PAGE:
It’s training day at the hospital. We’ve each been paired with a partner to reenact crisis behaviors, by order of severity. Grabbing. Hair-pulling. Choking. Biting.
In the first scenario, I am a feeble old woman. I stoop my back and pretend to bite softly into my partner’s arm.
“Please stop biting me,” my partner says.
“Okay,” I say softly, my dentures falling to the ground.
In the second scenario, I am a small but angry adolescent. I bite down hard on her arm and growl.
My partner holds me by the head and disentangles her arm from my mouth.
In the third scenario, I am patient of indeterminate age with great jaw strength.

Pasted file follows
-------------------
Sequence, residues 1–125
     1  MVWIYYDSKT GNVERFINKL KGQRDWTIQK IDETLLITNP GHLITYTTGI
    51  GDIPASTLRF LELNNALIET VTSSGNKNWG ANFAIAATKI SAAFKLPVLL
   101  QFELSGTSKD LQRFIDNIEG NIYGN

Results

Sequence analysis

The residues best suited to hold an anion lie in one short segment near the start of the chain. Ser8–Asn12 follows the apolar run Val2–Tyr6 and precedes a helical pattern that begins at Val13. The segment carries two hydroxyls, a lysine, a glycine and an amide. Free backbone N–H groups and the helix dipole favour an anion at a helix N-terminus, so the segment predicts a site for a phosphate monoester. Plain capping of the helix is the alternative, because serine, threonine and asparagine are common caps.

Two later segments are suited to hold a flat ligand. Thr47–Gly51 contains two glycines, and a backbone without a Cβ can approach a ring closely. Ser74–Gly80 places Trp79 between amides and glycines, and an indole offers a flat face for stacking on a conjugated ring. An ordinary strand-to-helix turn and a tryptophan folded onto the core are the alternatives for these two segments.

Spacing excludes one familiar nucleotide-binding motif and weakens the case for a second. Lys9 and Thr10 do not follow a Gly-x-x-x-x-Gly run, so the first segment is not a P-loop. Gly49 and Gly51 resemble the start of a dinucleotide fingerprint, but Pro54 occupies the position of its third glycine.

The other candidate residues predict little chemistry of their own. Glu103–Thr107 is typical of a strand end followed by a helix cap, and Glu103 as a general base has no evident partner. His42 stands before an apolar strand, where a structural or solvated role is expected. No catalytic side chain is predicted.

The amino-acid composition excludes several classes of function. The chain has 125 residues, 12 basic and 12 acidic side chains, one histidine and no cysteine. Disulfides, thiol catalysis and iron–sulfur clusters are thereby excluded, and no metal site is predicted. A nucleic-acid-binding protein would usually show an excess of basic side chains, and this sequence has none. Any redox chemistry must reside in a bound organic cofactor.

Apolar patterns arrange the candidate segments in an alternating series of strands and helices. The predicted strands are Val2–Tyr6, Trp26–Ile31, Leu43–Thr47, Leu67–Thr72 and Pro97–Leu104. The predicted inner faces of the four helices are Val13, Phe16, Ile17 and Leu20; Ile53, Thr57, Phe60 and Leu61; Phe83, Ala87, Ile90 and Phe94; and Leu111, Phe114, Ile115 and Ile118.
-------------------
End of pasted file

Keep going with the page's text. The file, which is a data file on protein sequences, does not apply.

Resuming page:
I pretend to bite down on her arm even harder, and she pushes her hand towards my mouth, so my teeth widen and lose their grip.
“It’s called ‘feeding the bite’,” the instructor says. “So you don’t lose flesh,”
I make a mental note to remember the words. They seem to contain a fundamental truth; we have to give in in order to get through the pain. I try it out. “Sometimes, you just need to feed the bite.”
“Do you think it’ll catch on?” I ask my partner.
“Unlikely,” she says.